One of the best actors of the Moscow Theatre was incidentally its founder and stage-director, and, I would almost add, its dictatorial head, Stanislavski, while Nemirovich remained a co-dictator and alternating stage-director.

The Theatre’s outstanding successes were Chekhov’s plays, Gorki’s Lower Depths, and of course many other plays. But Chekhov’s plays and Gorki’s Lower Depths have never been removed from the lists and probably will forever be mainly connected with the name of the Theatre.

In the beginning of 1905—the year of the so-called First Revolution—the Government ordered soldiers to shoot at a large gathering of workmen who were marching with the peaceful object of presenting a petition to the Tsar. Later, it became known that the procession had in the first place been organized by a double agent, an agent provocateur, of the Government. There were a great number of people, including many children, deliberately killed in the shooting. Gorki wrote a vigorous appeal “To All Russian Citizens and to the Public Opinion of the Countries of Europe” denouncing the “deliberate murders” and implicating the Tsar. Naturally—he was arrested.

This time protests against his arrest poured from all over Europe, from famous scientists, politicians, artists, and again the Government yielded and released him (imagine the Soviet government yielding to-day), after which he went to Moscow and openly helped prepare the Revolution, collecting funds for the purchase of arms and turning his apartment into an arsenal. Revolutionary students set up a rifle range in his lodgings and actively practised shooting.

When the Revolution failed, Gorki quietly slipped over the frontier and went to Germany, then to France, and then America. In the United States he addressed meetings and continued to denounce the Russian government. He also wrote here his long novel, The Mother, a very second-rate production. From that time on, Gorki lived abroad, chiefly on Capri in Italy. He remained closely connected with the Russian revolutionary movement, attended revolutionary congresses abroad, and became a close friend of Lenin. In 1913 the Government proclaimed an amnesty and Gorki not only returned to Russia but published there, during the war, a big periodical of his own, Letopis’ (The Chronicle).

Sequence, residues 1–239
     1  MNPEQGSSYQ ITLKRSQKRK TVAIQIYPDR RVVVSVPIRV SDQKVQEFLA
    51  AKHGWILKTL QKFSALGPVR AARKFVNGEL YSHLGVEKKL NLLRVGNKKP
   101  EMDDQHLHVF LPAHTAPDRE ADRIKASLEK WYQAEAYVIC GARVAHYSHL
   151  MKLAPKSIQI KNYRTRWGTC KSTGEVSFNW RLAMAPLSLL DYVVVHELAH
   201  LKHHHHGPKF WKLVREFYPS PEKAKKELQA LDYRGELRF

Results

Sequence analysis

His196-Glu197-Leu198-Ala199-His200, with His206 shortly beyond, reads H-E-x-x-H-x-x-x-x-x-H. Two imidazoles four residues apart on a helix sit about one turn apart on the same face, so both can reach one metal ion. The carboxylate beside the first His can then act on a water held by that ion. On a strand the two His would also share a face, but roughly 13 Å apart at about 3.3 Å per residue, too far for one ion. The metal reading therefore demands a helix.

After the Bolshevik Revolution in the fall of 1917, Gorki enjoyed considerable esteem with Lenin and the other Bolshevik leaders. He also became the chief authority in literary matters. He used this authority with modesty and moderation, realizing that in many literary matters his scanty education did not allow him to impose good judgment. He also used his connections repeatedly to intercede for people who were persecuted by the new government. From 1921 to 1928 he lived again abroad, chiefly in Sorrento—partly on account of his failing health, partly because of political differences with the Soviets. In 1928 he was more or less ordered back. From 1928 to his death in 1936 he lived in Russia, edited several magazines, wrote several plays and stories, and continued to drink heavily as he had done most of his life. In June 1936 he became very ill and died in the comfortable dacha put to his use by the Soviet government. A good deal of evidence points to the fact that he died of poison administered to him by the Cheka, the Soviet secret police.

As a creative artist, Gorki is of little importance. But as a colorful phenomenon in the social structure of Russia he is not devoid of interest.